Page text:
Civil litigation would likely bankrupt you. And in my experience, friends and neighbours sue each other all the time. There are many lawyers excellent in explaining that litigation is merely “business”, separate from friendship and no one should be offended at being sued. Even if you could demonstrate that your friends knew the risks of drinking raw milk, as the girl with the cow you’d probably be held to a higher (fiduciary) standard.
So what to do with your excess milk….. In the days before fridges and freezers, a family would get their daily raw milk supply. What they didn’t drink would be divided. A certain amount set aside to make yogurt, cheese and butter. The rest of the milk would be scalded (cooked, but at a higher temperature than pasteurization). The scalded milk would be used in baking the most rich and decadent breads and pastries.
Scalding lost favour to pasteurization because it changes the flavour of milk more than pasteurization. But I happen to love the taste (why else would I identify myself as a latte_girl).
Baking with scalded raw milk is a lost art. I’ve read your website and I know that you’re interested in cooking and creating new recipes. Why not revitalize the tradition of farmhouse baking? There are lots of good recipes that you could use as starting points on the internet (try searching for traditional Croatian, Serbian, Polish, and Russian desserts).
Alternatively, you are in the unique position to make a local, small-batch (high end) cheese. I believe that the only restriction on raw milk cheese is that it must be aged for a minimum of 60 days. Cheese may ultimately yield a better return on your investment than plain milk anyways.
Hi Latte Girl,
You said: “But truth be told, I would choose pasteurized milk over unregulated* raw milk any day.” You will likely get you wish.
Blessing on your food.
To Caroline Cooper~
Obviously, in this day and age of up-t0-date scientific and laboratory inspired knowledge, the more natural and traditional a practice is, the more DANGEROUS it is.
Raw milk MUST be stringently and constantly tested by people (technicians and certified experts) who are best suited to protect the public at large.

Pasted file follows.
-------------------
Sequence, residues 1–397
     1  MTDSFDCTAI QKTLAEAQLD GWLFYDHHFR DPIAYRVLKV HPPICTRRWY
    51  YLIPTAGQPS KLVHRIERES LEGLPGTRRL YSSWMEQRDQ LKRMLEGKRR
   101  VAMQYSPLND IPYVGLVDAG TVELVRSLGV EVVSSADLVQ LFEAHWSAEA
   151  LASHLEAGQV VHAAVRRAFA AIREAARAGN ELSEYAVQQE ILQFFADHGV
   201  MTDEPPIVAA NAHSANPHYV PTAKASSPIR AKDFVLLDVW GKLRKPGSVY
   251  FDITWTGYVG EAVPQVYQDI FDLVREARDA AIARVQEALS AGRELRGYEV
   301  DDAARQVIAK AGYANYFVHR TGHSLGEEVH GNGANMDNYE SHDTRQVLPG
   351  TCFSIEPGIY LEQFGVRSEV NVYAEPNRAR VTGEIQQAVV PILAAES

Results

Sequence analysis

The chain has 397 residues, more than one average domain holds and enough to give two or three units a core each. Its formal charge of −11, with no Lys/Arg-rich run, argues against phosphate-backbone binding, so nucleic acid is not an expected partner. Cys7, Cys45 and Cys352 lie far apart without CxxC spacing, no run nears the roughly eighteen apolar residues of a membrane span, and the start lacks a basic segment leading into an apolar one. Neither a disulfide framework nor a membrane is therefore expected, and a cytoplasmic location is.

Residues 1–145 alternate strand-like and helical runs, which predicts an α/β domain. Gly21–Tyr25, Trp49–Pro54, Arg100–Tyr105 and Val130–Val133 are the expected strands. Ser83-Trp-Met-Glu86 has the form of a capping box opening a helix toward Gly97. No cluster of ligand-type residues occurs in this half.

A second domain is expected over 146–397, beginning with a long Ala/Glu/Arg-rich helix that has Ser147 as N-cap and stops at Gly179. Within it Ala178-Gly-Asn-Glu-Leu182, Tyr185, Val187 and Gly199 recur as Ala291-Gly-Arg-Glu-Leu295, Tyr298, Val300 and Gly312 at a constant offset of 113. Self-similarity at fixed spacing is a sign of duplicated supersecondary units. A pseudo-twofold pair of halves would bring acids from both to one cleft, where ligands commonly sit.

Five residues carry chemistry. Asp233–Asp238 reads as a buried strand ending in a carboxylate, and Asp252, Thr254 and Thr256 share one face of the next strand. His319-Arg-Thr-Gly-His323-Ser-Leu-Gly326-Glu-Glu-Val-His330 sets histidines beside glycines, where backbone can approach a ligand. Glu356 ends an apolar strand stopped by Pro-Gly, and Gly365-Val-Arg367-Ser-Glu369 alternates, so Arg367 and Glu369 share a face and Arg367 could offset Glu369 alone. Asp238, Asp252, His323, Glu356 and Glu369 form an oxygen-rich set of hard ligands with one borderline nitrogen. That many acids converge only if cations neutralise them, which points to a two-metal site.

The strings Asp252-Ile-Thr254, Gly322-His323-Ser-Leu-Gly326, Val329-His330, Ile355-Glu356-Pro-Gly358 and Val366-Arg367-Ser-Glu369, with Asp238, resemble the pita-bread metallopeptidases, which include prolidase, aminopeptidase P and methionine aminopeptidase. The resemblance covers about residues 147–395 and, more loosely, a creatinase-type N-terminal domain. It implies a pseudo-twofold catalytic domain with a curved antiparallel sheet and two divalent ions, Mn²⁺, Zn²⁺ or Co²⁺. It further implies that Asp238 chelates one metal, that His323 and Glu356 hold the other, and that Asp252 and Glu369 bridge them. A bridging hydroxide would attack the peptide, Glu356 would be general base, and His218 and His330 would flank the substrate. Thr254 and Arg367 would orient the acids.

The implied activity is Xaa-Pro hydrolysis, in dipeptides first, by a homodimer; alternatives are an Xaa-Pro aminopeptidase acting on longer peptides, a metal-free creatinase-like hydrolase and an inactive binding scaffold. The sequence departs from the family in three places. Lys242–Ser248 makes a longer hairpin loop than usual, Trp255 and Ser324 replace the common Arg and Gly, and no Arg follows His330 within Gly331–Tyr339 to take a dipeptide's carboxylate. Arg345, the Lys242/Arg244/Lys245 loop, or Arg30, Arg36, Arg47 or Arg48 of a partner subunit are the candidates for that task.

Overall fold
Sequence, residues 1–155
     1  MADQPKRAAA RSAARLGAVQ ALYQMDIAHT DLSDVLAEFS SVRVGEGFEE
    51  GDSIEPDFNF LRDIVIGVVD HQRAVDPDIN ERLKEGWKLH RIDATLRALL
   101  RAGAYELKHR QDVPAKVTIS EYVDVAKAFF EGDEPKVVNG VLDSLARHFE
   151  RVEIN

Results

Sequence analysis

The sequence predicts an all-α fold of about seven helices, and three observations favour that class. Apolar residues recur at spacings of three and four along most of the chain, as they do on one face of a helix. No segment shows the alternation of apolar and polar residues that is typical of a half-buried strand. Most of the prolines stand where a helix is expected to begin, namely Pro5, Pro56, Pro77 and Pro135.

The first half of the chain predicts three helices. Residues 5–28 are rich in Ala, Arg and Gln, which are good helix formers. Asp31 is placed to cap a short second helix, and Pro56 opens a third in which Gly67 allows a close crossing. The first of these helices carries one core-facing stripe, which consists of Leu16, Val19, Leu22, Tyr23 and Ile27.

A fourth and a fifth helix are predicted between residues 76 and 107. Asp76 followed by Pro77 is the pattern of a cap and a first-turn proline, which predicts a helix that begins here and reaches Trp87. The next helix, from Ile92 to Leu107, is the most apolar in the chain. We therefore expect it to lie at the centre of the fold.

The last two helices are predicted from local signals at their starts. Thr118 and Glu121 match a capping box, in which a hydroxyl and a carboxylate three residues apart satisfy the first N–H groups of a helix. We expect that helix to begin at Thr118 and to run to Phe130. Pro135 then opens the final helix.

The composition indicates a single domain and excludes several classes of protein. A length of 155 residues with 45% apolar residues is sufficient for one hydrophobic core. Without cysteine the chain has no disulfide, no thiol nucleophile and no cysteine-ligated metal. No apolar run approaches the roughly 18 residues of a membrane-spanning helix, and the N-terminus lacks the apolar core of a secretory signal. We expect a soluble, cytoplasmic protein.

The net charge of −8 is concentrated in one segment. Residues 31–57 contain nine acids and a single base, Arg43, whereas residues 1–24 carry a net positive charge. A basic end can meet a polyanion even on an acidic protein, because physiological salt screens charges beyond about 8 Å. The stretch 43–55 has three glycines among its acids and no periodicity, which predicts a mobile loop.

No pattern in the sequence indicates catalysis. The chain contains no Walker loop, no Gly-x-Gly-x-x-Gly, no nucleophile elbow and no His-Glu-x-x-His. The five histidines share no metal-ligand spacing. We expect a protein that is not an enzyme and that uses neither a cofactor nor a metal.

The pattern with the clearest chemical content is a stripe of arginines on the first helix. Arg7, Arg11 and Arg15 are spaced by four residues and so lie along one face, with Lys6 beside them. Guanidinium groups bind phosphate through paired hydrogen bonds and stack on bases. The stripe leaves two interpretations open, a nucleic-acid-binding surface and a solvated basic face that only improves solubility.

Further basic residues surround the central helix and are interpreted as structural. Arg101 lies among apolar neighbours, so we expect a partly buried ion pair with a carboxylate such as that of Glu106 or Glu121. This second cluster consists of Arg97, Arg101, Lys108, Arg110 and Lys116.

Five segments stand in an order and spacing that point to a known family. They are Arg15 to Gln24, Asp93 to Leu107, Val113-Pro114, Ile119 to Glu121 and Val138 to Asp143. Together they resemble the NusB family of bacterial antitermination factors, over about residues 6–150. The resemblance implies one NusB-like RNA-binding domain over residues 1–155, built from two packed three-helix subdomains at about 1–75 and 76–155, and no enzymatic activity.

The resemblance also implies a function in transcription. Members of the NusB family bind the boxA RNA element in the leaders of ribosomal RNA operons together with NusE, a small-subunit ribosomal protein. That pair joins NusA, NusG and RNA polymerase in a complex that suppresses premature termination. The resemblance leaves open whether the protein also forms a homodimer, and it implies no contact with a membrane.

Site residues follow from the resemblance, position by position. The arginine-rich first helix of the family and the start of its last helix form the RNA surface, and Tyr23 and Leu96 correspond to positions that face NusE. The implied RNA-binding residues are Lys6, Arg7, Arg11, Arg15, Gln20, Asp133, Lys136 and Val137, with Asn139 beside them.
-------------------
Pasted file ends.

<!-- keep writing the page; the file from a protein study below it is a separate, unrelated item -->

Just as ‘organic’ milk MUST meet a higher laboratory standard, ‘raw’ milk MUST be forced to meet a higher laboratory standard still. Inspections should be a round-the-clock routine. We are talking about avoiding DANGER, remember.
You should pleased and privileged to PAY any amount in order to obtain such protection.
How we ever got to this point through the ages without such protection I’ll never know.
Michael Schmidt should be appointed ‘raw milk czar’ of Canada with utter and absolute authority to establish and enforce ALL protections, codes, standards and procedures. His salary should become commensurate with his tremendous authority. He should be given a large and well-paid staff of dedicated and obedient professionals ready to enforce that authority. This is the only way to avoid possible problems between the farmer and the farmer’s next victim, even if that victim is the farmer him- or her- self. Everyone is a potential victim and is in great danger when it comes to eating, this we know for certain.
Greater testing, greater security. Life is just too dangerous to leave to any chance.
And that is that.
For a satirical argument, some of it sure sounds logical to me. Especially the comparison between raw milk and organic milk. I’m willing to pay more for organic items because the label is an assurance of a quality standard. As much as I’m in favour of raw milk, it is an extremely volatile substance. If I can’t raise and milk the cow myself, I want some assurance of a quality standard.
And I find arguments like “how we ever got to this point through the ages without such protection”….. to be absolutely ludicrous. Many people never made it. There are still third world countries where they have an over-abundance of children to compensate for those who will die in infancy. Children are especially sensitive to food borne illness, their immune systems have not matured. I’d find little solace in someone saying “your daughter died, but look at what you stood for in the natural food movement.”
I am a very educated and informed woman. I want to support small scale farmers who practice traditional methods. I am truly sorry that your happy life has been destroyed and I am willing to help you fight the mythical “boogeyman”. But not by risking my daughter.
‘Bernard is right; the pathogen is nothing; the terrain is everything’–Louis Pasteur’s death bed words.
You didn’t give me any support when I needed it.
Good luck with your daughter.
Now Ned, Do you think that’s fair?
I don’t think latte_girl even knew you aside from through your comments on the Bovine.
How can you say she didn’t give you any support when you needed it?
Be sure to read the follow-up to this story: https://thebovine.wordpress.com/2010/11/12/edmonton-farmers-scramble-to-fix-raw-milk-dairy-to-meet-cow-share-canada-standards/
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Standards are one thing, but it is the community as a whole who should have decided on those standards. The only person who can shut down THEIR cow share is the cow share members/owners. Anything other than that is a dictatorship and the tactics of the government agencies we have all fought against.
If they where that dirty then the responsible thing for CSC to do would have been to help educate, and facilitate a solution.
This is what CSC was supposed to be from the beginning of the concept. It was never meant to be the new corporate milk marketing board.